Maturity: November 7, 2002
Issue/fixed re-offer price: 99.971
Coupon: three month Libor flat
Launched: Friday October 20
Lead mgr: Barclays
We have been talking to Bank of Nova Scotia (BNS) for some time about an entry into the Eurodollar market with a benchmark transaction and the clear success of the Royal Bank of Canada (RBC) trade launched the previous day did not deter us from proceeding, albeit at a tighter pricing for BNS.
RBC traded from a re-offer of Libor plus 3bp where it fully cleared the market into plus 0.5bp on Friday morning when we launched BNS.
This issue offers classic IMG and official institutional investors credit quality and accounts which look for minimum of double-A ratings bought this issue in substantial size on day one. Lines for the bank are excellent and the Canadian banks in general are warmly received.
We brought the deal at just inside Libor plus 1bp re-offered with an all-in of plus 5bp and we wanted to establish the transaction between 1bp and 2bp over at a fair level just back from the RBC.
Having completed floaters for BNS in Deutschmarks and Canadian dollars over the past couple of months, we were fully conversant with where the name sells and therefore were entirely comfortable in launching the trade on a Friday.
In general terms, there is an excellent bid for double-A product of this quality in the area of Libor flat to plus 2bp and this is exactly where we have maintained the transaction. We broke the syndicate at 99.87 (Libor plus 3bp) to take out any weak holders but bought no bonds and we quickly moved it up to 2.25bp bid at 99.90, just seven cents down from reoffer. We have maintained the transaction at that level since with the deal solidly established at plus 2.25bp to plus 1.50bp.
We had excellent support from Scotia as senior co-lead and they have done significant additional business in the trade.
"...we liked it. It traded well inside full fees and we sold bonds quite easily to clients at around 99.91/93.
At the re-offer of just under Libor plus 1bp it was clearly too tight. The all-in was Libor plus 5bp and it has settled at around Libor plus 2bp/3bp which is a decent level for this name.
Clients like the Bank of Nova Scotia name and there has been a shortage of dollar denominated FRNs from Canadian banks. Last week's issue for Royal Bank of Canada was a storming deal but then it was cheaply priced at an all-in of plus 7.6bp. Bank of Nova Scotia came at a more realistic level and has worked well."
"...unlike the RBC issue, Bank of Nova Scotia was not priced to sell at re-offer but it has gone well and trades around Libor plus 2.5bp.
Although the fixed rate markets are in turmoil, the bid for floaters is still relatively good, especially for high quality issues like Bank of Nova Scotia."
Compiled by HSBC Markets, London. Tel: +44 171-488 1733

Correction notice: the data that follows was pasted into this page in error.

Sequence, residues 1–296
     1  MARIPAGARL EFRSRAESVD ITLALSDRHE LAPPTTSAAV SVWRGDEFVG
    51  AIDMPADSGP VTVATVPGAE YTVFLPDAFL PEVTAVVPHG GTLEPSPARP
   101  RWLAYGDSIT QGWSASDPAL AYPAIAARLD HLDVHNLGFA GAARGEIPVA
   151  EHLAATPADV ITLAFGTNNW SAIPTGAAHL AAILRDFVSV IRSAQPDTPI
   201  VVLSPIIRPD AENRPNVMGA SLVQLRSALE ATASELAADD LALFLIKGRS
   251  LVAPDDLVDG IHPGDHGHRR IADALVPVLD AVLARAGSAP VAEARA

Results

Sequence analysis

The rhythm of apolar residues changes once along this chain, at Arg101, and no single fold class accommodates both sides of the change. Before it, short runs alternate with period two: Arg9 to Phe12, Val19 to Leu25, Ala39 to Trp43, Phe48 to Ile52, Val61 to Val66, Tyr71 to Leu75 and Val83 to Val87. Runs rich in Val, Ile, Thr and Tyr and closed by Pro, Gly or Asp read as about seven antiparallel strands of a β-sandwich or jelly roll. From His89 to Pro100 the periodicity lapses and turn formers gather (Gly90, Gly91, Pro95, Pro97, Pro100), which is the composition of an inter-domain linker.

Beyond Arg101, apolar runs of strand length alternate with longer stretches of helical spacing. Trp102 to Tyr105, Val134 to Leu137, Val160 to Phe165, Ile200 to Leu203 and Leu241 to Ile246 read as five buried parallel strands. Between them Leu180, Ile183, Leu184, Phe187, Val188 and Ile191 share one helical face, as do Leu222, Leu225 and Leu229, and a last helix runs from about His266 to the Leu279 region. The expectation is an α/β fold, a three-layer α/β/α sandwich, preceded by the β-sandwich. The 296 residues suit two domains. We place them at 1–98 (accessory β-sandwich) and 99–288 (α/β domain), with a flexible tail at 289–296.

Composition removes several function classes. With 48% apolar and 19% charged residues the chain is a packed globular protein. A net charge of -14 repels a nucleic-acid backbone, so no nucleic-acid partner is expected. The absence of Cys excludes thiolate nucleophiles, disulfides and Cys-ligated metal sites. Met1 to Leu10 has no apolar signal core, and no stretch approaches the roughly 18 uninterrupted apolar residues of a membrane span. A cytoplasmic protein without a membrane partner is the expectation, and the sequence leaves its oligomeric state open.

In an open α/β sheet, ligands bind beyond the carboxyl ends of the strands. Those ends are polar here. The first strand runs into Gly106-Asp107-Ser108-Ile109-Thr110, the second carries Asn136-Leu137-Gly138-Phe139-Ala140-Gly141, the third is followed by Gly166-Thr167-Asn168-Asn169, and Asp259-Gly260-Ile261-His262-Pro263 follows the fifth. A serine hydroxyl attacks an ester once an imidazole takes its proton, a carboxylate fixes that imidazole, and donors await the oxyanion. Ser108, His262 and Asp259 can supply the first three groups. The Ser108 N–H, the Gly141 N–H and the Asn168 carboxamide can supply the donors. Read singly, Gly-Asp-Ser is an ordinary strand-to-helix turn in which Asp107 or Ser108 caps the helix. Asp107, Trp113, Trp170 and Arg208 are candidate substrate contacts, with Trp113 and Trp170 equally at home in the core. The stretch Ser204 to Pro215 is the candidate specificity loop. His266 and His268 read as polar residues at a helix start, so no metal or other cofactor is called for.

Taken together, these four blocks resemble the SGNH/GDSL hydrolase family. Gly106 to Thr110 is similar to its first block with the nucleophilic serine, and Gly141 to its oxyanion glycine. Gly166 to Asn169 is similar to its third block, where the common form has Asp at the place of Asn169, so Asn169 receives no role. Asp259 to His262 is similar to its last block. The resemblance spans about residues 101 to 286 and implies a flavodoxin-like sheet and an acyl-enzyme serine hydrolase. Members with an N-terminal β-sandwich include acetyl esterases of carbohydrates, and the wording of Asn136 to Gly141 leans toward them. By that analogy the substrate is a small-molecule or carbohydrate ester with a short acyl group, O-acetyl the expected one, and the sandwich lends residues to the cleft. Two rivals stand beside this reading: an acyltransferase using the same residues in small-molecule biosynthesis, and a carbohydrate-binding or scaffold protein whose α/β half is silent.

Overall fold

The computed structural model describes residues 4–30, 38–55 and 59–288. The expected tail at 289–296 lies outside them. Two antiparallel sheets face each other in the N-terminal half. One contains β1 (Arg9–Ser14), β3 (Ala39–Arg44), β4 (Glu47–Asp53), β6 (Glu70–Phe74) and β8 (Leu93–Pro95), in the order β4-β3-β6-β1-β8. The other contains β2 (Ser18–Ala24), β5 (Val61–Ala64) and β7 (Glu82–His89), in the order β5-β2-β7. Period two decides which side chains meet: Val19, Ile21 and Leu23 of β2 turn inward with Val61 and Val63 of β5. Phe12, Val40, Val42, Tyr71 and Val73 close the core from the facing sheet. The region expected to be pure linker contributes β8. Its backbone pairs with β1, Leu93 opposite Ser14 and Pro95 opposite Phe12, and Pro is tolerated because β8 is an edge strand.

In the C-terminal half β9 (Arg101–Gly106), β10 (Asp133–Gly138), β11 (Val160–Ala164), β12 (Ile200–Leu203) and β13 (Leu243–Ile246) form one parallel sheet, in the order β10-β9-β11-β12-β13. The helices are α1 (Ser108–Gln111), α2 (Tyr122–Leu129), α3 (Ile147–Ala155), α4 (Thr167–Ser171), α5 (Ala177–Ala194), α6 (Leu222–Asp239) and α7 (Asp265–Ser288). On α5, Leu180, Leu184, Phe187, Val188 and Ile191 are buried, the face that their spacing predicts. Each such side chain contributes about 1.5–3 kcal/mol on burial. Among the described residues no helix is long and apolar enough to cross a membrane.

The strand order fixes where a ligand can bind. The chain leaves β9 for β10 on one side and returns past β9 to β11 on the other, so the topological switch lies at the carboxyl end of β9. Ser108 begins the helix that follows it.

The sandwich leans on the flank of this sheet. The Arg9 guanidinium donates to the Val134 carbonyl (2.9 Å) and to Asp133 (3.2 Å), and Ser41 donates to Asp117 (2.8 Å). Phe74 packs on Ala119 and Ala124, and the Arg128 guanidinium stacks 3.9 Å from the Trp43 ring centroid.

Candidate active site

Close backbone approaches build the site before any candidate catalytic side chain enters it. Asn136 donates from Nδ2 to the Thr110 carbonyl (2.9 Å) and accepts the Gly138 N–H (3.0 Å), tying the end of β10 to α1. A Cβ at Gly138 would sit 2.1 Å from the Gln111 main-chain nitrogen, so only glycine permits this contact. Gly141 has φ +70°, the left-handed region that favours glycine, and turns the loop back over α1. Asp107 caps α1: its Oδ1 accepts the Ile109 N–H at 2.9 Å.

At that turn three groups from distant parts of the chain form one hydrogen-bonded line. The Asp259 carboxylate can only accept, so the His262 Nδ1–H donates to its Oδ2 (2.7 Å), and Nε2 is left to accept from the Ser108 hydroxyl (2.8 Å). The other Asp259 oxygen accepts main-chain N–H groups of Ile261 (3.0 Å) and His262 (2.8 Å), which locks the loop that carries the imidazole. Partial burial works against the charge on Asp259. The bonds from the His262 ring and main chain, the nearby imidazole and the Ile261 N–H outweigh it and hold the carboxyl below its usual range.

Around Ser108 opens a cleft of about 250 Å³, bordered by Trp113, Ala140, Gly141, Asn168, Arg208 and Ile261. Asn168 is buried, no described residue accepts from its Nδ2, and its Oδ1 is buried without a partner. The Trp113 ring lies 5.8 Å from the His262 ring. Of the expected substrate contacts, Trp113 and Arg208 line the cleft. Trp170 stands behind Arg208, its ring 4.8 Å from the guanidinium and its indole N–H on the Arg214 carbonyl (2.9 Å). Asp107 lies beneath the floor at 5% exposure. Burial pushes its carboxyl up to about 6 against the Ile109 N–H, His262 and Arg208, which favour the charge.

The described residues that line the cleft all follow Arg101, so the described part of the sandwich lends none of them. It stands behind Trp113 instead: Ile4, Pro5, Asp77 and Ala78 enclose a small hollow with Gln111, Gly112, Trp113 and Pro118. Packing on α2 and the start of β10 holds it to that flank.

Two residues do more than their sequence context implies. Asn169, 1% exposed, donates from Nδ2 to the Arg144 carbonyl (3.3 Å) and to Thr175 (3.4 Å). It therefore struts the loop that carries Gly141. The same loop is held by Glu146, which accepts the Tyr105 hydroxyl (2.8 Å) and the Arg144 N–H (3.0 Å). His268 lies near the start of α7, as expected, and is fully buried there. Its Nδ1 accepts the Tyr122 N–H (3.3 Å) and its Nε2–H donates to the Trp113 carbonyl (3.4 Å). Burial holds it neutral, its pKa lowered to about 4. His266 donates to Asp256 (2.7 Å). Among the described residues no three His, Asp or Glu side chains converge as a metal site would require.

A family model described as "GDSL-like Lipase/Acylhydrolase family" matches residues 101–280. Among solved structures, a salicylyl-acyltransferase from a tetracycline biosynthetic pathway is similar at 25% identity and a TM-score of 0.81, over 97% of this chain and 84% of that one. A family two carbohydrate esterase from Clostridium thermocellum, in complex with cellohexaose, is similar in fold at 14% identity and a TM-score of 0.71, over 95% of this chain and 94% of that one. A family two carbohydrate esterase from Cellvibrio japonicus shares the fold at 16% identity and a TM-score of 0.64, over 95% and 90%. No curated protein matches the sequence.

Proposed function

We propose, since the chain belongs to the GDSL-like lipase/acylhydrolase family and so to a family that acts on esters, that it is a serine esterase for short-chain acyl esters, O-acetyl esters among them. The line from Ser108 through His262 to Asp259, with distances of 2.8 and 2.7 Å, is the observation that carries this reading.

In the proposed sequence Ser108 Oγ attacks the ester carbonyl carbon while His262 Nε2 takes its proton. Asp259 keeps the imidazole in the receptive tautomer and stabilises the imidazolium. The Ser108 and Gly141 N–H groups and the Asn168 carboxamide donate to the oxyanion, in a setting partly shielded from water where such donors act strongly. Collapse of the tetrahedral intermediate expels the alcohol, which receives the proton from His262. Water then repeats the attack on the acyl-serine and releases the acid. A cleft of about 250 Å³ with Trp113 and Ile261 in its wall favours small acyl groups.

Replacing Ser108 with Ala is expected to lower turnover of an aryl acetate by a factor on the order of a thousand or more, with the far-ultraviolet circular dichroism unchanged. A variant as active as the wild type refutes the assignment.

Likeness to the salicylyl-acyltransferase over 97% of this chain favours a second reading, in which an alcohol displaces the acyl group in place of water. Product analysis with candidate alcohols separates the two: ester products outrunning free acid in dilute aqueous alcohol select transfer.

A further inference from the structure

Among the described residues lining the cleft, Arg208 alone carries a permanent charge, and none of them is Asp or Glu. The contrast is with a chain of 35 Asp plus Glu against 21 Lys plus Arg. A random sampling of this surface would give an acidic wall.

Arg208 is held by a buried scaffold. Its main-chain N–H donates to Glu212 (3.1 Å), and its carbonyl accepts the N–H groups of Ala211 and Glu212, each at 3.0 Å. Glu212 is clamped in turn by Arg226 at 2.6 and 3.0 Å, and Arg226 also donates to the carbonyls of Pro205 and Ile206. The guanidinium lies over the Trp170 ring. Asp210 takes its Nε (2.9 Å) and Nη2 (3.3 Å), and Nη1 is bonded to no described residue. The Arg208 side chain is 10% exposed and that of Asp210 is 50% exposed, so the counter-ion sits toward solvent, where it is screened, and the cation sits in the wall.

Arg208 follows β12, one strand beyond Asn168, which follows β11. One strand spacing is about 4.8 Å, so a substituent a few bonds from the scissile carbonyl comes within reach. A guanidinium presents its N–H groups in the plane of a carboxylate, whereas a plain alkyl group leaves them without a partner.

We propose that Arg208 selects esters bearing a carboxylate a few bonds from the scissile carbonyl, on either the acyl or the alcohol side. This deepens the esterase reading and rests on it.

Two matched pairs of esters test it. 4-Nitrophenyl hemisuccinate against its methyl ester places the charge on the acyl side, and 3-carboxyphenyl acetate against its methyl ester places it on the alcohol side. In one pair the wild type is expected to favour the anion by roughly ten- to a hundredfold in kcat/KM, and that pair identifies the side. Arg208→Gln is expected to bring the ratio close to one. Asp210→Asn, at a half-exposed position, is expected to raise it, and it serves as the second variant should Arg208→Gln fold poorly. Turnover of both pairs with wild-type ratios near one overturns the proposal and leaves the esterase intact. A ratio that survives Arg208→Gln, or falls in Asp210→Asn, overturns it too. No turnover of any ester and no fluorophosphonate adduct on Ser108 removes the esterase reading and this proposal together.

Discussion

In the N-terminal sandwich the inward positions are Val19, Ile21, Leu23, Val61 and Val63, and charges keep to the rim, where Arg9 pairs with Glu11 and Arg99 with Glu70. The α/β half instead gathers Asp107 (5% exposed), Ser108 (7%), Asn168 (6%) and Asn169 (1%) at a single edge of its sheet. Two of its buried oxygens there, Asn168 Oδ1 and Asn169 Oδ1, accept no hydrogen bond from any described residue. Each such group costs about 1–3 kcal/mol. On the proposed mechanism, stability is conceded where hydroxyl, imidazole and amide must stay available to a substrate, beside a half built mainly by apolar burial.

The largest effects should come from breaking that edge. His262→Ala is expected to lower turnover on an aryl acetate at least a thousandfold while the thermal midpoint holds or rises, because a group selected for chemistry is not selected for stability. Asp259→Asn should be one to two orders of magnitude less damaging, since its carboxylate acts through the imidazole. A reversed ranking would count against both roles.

Sentiment in the FRN market changed very rapidly during the week due to the renewed tensions in the Asian markets.
The tone passed from being very positive on the back of increasing business volumes across the board to being very weary of spread positions after the drop in the Asian equity markets by the middle of the week.
As is usual in these crises, the regional markets failed to remain insulated and the downward pressure spilled into spread product in the other geographical centres. The European fixed rate and FRN markets were hit as well as the Yankee market with spreads widening across the board.
Although the most naturally affected credits were the Asian ones, European names, even those of a sovereign nature, were dragged into the turmoil as investors switched out of corporate paper into government bonds.
Issues by banks and sovereigns widened by a basis point on average. Amongst the sovereigns, Italy, Canada and Cades were the first to be affected after posting good performances during the past weeks. The subordinated sector was the worst hit with dated and perpetual debt being at the centre of the turbulence.
This crisis comes at a time in which the FRN markets were gaining strength. Both the sterling and the US dollar markets benefited from specific situations.
In sterling the Emu convergence play sparked a strong rally in the Gilt market and a strong inversion of the yield curve (three month sterling Libor is at 7.36% whilst five and 10 year Gilts yield 6.60% and 6.57% respectively). All of the above has pushed some fixed rate investors into taking profits from fixed rate securities and investing in FRNs awaiting a reconfiguration of the yield curve.
Similarly in dollars the combination of a flatter yield curve (three month dollar Libor is at 5.81% whilst two and 30 year Treasuries yield 5.80% and 6.35% respectively) and the expectation of a rate hike before year end, favour FRN investments.
Moreover during October a total of $3,084m worth of vanilla FRNs will mature and need to be rolled into new paper.
The Deutschmark sector benefited from the change in the interest rate cycle. However we believe that some of the supply of the past few months is still waiting to be fully digested. The currency itself continues to benefit from a positive basis swap into dollars that has been a driving factor in the recent round of issuance.
* ML Revolving Home Equity Loan Series 1997-1
Legal maturity: September 25, 2027
Expected maturity: March 25, 2004
Issue/fixed re-offer price: 100.00
Coupon: one month Libor plus 18bp
Lead mgr: Merrill Lynch
Note: issue secured on a pool of home equity loans originated by MLCC
For commentary and analysis on asset-backed transactions, see structured finance section